So they tried giving the little swimmers some help, and performed in vitro fertilization using sperm from the knockout mice. They were unable to fertilize an egg as long as the it was covered by its usual layer of cumulus cells, but it wasn’t the cumulus cells that were the problem. In further tests, the researchers found that the sperm could make their way through these cells and bind to the zona pellucida, or ZP, the membrane that surrounds the egg. But that was as far as they could go.

What kept the sperm from getting through the ZP? The knockout sperm were able to move at the about same velocity as the regular sperm, the researchers found. However, the knockout sperm were deficient at something called “hyperactivation.” This is a particular type of movement that requires the sperm’s whiplike tail to beat back and forth with extra force.

But the Japanese researchers wanted to know more. They found that the tails of the knockout sperm moved with the same frequency as those of the unaltered mice, but the part that connects the tail to the head was too rigid. This made the entire sperm cell too inflexible to move with enough force to penetrate the ZP, the researchers concluded. To make sure this was the true bottleneck, they used IVF again, to see whether knockout sperm could fertilize eggs once the ZP was gone. They could, and the fertilized eggs developed all the way to term.

Then the research team gave the immunosuppressant drugs to regular mice, to see whether their sperm would turn out like the sperm of the knockout mice. The drugs had no effect on mature sperm cells, which were just as flexible as ever, but worked better on sperm that were still developing. Regular male mice that got either CsA or FK506 for two weeks became infertile, because the middle part of their sperm was rigid. Further tests showed that it took only four days for FK506 to render the mice infertile, and five days for CsA to do the same.

When the mice stopped taking the drugs, their fertility returned after one week.

“Considering these results in mice, sperm calcineurin may be a target for reversible and rapidly acting human male contraceptives,” they concluded.

Deceptive Female Mantises Eat Males Even Without Having Sex

It has been known for quite some time that male praying mantises can get their heads ripped off while copulating with females. But a new study has shown that deceptive females can trick the males and eat them even without copulation; basically, they lure them in pretending to be full of eggs and eat them when they’re hungry.

“This is the first evidence in support of the Femme Fatale hypothesis, which posits that female mantids in poor condition might dishonestly entice males in order to eat them rather than mate with them,” said lead research Dr Kate Barry, of Macquarie University’s Department of Biological Sciences.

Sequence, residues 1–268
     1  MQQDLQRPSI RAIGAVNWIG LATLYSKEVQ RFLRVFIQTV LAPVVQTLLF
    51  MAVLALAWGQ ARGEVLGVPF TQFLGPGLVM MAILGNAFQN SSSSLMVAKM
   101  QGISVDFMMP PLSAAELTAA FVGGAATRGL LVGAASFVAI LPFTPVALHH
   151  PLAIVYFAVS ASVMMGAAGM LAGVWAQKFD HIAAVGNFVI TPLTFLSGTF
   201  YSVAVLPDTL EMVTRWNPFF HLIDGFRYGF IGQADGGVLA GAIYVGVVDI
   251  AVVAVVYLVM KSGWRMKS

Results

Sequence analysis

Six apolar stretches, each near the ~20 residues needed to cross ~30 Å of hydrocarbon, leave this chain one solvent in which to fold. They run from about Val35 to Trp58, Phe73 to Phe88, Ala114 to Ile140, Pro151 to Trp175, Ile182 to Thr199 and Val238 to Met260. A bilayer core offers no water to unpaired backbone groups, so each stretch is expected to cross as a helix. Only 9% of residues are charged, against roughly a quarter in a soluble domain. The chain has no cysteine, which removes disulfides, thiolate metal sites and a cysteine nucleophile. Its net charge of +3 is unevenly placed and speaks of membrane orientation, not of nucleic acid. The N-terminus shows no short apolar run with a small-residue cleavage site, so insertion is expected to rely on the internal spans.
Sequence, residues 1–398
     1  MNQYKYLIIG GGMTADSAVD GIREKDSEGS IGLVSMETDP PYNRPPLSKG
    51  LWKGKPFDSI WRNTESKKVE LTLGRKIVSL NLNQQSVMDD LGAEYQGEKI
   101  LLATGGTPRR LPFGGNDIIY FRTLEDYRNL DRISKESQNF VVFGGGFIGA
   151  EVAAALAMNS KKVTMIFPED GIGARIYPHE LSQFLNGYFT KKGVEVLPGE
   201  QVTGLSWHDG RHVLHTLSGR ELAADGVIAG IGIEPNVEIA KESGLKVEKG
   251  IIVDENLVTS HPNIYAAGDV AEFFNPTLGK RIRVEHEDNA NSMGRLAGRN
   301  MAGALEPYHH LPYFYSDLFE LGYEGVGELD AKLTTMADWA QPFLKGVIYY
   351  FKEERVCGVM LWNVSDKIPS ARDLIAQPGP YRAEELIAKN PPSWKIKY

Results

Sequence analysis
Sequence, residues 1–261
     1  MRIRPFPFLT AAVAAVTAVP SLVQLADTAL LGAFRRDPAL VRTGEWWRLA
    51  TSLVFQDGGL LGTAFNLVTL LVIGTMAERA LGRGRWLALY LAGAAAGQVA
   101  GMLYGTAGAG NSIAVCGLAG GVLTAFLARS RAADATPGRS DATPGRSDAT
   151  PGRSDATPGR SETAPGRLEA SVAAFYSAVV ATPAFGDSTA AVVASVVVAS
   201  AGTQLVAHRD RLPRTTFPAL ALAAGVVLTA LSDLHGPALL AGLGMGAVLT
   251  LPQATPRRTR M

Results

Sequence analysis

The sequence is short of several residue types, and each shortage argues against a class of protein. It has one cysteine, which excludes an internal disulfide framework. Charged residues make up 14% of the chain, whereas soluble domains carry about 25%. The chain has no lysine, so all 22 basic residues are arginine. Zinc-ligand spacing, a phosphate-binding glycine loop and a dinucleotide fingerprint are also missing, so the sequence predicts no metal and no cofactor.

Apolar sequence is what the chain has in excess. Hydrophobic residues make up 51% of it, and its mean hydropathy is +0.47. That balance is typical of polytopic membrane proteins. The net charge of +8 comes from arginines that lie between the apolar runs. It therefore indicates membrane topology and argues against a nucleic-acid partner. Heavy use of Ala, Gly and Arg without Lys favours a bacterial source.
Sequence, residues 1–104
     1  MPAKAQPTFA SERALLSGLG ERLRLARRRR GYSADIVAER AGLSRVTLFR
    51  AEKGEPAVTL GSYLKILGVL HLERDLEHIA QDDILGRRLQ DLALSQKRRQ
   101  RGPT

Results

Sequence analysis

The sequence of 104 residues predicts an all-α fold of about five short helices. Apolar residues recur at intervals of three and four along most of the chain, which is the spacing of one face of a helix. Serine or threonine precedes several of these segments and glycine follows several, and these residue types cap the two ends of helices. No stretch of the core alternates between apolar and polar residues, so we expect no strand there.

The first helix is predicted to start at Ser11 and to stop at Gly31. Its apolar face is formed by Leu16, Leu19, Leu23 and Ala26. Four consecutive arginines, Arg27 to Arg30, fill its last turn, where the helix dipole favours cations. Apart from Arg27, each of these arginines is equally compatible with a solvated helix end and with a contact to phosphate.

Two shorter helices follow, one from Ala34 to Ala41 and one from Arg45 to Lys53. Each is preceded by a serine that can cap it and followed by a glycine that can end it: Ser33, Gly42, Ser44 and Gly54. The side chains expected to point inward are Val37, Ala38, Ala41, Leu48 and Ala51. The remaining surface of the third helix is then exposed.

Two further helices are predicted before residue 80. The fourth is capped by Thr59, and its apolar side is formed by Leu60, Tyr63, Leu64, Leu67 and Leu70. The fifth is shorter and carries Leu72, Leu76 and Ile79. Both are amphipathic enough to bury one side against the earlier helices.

The study initially found that males are more attracted to starving females, despite the chance of being eaten during copulation.


Image via 5oclockam.


“We presume this attraction is due to an increase in the quality or quantity of pheromone emissions, which makes sense because very hungry females gain both survival and reproductive benefits from attracting and consuming a male.

They then observed that some females (which are much larger than the males) eat the males even without reproduction. They set up large large field enclosures on the Macquarie University campus to examine the potential for sexual deception in females.

They found that healthy, well fed females sometimes lure in males with no intention of reproducing, just to eat them. However, hungry females are much more likely to do this. To figure this out, researchers assigned 24 female to one of four feeding regimes: good, medium, poor, or very poor, for six weeks. The cages were covered with two layers of mesh so that you couldn’t see inside of them, but chemical signals could still be released. 78 virgin males were then released and out of them, 55 were found on female cages. The number of males found on specific cages was used as an indicator of female attractiveness.

This is the first time that females exploiting males has  been reported in nature… and it’s also the most extreme example of sexual manipulation ever found.

“There are many examples in the animal kingdom of males exploiting females to secure paternity, however in this instance, female praying mantids have turned the tables.”